There’s something incredibly gratifying about a challenging adventure in the woods—and the more it tests your skills, the more satisfying the end result. If you’ve spent significant time in the backcountry you know that the wilderness can be unpredictable and the consequences of a mistake can be devastating. That is why it’s crucial to brush up your skills before ramping up the seriousness of your outings.
Ready to test your inner survivalist? Here are six things you need to focus on to boost your backcountry skills and level up your outdoor adventure game.
When humans discovered fire, everything changed. The same can be true of your backcountry travel experience: Once you can start a fire with no help from modern technology, including matches or non-natural tinder, you’ll add another arrow to your survivalist quiver and gain significant confidence. There are several feasible methods for building a fire from scratch though the main ingredient is almost always friction. Regardless of which method you use, you’ll need to gather kindling and larger fuel before you get started. This is definitely a skill you’ll want to practice in your backyard a few times before you’re in the woods with no backup plan.
On a typical backcountry outing, you can reach into your backpack and find a granola bar when you need a snack or boil water for a freeze-dried meal at dinnertime. But if you really want to up your game, learn how to forage for your own food. Sourcing your own meals from the wild can mean different things to different people. Fishing and hunting are great ways to find food so you can hone these two skills, and also be sure you are knowledgeable about the wildlife in the area you are adventuring in. Certain insects can also provide a wealth of nutrients.
Being able to identify plants is another key component to foraging for wild edibles like greens and berries. Again, this is a skill you’ll need to practice before you head out, as foraging can be disastrous if you’re not 100% sure of your identification. With some practice, foraging for food can be a satisfying and delicious way to get to know your favorite backcountry areas.
Heading into the woods with no partner dramatically reduces your margin for error, which is why it’s advised that newcomers to the backcountry don’t go out alone. However, if you have backcountry know-how, solid navigational skills, and decision-making expertise, heading out on a solo mission can be a truly empowering way to experience the wilderness. Instead of consulting with a partner as you make decisions—when to stop and where to camp, which way to go at the fork, what to have for dinner—you’re on your own to weigh the pros and cons of each option. You’re also on your own if something goes awry so it’s crucial to inform someone at home of your plans before you head out. Let them know your intended route and when you plan to be back. It’s also advisable to bring a communication device, like a personal locator beacon or satellite phone, on your first handful of solo trips.
With so many high-functioning GPS devices on the market—including apps for your smartphone that essentially turn it into a handheld GPS—it’s easy to make your way down the trail without ever looking at a paper map. If you’re ready to get to know the landscape better, leave the GPS behind and navigate using only a paper map and compass. This method of navigation is not only how woodsmen have been making their way through the backcountry for generations, but it’s also an important skill to have in general. What would you do if your phone battery died and you were left without a GPS?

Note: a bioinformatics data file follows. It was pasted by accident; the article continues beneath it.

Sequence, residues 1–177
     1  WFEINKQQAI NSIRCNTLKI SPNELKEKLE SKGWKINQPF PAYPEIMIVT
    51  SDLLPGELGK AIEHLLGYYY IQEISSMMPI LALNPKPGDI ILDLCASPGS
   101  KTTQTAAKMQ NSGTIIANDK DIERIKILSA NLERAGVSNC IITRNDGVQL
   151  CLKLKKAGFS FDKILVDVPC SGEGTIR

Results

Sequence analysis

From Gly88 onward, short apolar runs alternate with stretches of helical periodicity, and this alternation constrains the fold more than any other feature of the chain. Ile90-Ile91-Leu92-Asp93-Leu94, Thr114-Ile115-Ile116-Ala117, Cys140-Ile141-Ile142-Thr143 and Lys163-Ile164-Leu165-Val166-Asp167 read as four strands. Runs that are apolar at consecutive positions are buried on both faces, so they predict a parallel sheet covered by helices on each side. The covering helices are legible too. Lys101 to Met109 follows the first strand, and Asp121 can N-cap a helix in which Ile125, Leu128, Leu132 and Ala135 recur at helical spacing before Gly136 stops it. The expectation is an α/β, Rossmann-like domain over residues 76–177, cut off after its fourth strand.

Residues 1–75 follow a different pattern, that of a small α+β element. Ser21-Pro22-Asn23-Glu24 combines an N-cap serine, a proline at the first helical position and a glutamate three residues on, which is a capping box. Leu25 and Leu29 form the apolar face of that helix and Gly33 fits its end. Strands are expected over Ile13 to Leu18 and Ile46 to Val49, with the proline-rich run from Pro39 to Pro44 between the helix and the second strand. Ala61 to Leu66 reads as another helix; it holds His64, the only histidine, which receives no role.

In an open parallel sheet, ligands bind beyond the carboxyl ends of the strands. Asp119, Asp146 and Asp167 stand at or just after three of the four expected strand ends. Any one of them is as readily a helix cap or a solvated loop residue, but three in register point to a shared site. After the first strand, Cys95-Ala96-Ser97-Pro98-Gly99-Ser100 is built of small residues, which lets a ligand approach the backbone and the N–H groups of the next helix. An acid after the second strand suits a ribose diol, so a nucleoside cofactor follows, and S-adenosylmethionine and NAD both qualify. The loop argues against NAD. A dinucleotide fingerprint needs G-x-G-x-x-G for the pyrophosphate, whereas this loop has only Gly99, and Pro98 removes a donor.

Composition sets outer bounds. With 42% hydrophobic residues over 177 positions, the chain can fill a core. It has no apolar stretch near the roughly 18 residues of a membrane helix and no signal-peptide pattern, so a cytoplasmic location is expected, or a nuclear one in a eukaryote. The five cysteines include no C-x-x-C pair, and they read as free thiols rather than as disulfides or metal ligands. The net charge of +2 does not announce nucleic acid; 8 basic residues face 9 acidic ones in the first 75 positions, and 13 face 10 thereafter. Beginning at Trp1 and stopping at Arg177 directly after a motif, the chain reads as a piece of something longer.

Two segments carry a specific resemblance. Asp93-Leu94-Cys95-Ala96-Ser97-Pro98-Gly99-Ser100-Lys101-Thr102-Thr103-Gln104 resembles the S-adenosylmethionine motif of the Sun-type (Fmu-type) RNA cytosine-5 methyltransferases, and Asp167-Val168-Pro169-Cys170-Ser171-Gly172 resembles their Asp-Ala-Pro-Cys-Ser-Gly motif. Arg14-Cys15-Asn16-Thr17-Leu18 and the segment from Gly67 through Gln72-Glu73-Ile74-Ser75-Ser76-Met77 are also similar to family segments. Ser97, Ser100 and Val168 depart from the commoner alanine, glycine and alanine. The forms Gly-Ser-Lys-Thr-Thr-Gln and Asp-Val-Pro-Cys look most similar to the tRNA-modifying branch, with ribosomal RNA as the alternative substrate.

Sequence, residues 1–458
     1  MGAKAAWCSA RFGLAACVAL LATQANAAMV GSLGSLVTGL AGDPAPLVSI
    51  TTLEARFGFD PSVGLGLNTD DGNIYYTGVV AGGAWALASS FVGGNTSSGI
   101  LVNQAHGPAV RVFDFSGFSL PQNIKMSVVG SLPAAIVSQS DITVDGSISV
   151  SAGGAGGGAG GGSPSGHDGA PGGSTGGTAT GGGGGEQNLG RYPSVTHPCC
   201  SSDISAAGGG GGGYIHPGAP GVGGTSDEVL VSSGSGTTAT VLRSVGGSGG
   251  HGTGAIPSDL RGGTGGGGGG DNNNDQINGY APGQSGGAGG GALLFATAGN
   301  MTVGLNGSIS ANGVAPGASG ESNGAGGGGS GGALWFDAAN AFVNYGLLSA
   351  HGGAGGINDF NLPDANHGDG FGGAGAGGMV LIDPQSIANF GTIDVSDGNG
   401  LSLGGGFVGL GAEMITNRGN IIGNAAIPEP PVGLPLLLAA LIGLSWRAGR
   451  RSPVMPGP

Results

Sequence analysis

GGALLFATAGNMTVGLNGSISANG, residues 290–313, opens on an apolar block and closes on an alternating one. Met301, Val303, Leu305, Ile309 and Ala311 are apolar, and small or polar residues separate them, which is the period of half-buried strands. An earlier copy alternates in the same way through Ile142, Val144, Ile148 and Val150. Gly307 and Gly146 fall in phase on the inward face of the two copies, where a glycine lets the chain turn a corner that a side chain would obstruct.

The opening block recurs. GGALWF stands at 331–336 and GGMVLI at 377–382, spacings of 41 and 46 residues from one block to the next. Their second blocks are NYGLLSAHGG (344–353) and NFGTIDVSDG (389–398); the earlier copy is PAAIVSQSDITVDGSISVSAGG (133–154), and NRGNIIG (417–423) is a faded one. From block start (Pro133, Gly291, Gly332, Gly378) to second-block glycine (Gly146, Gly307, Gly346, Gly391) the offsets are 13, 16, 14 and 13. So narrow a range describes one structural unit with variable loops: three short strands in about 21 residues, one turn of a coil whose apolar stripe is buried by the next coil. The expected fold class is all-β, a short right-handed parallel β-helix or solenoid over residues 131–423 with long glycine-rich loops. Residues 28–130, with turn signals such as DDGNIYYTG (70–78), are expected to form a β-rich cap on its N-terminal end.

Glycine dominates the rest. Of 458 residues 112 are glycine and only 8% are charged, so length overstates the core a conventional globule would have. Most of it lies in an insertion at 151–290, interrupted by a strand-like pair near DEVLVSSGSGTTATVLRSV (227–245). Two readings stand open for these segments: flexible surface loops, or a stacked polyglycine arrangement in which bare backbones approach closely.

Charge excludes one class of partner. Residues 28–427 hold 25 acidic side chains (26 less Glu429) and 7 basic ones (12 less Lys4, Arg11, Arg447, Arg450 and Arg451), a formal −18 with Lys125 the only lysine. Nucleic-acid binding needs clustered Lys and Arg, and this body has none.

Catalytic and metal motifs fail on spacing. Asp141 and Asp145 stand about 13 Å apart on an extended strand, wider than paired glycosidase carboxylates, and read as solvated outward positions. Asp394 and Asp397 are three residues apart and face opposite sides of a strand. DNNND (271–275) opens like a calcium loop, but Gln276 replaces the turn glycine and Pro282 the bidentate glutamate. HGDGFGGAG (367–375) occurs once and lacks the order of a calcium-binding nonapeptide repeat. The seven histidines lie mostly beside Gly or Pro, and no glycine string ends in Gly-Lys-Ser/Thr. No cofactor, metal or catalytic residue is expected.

Many local outfitters and gear shops offer inexpensive or free introductory navigation classes, so you can test your skills before you strike out on your own.
Camping in the summer and shoulder seasons can be challenging enough on its own. If you’ve mastered that challenge, the obvious next step is to take on the winter backcountry, which means adding a whole new set of skills to your toolbox. You’ll need to understand how to identify and avoid avalanche terrain, keep yourself warm while you’re moving and while you’re sleeping, and move through the backcountry on skis or snowshoes. All this can be well worth it: The world looks completely different when it’s coated in white, and as a bonus, you’ll likely have your favorite campsites all to yourself. Ramp up the challenge factor slowly on this one by taking shorter, closer-to-home outings as you hone your skills. Consequences can be dire in the winter when hypothermia is a very real risk.
In order to truly get away from it all, learn to navigate off the literal beaten path. Cross-country travel is a surefire way to avoid encountering other parties and it can mean experiencing awe-inspiring landscapes that you don’t have to share. It will challenge your navigational skills, but at the same time increase the potential consequences of a misstep—search-and-rescue teams have a much more difficult time finding and evacuating folks who aren’t on the trail. That’s why it’s essential that you get your navigational skills up to snuff before you plan an off-trail expedition and increase the distance and time off-trail slowly as you become more competent.
Written by Emma Walker for Matcha in partnership with Catoma.
Featured image provided by Aaron Burden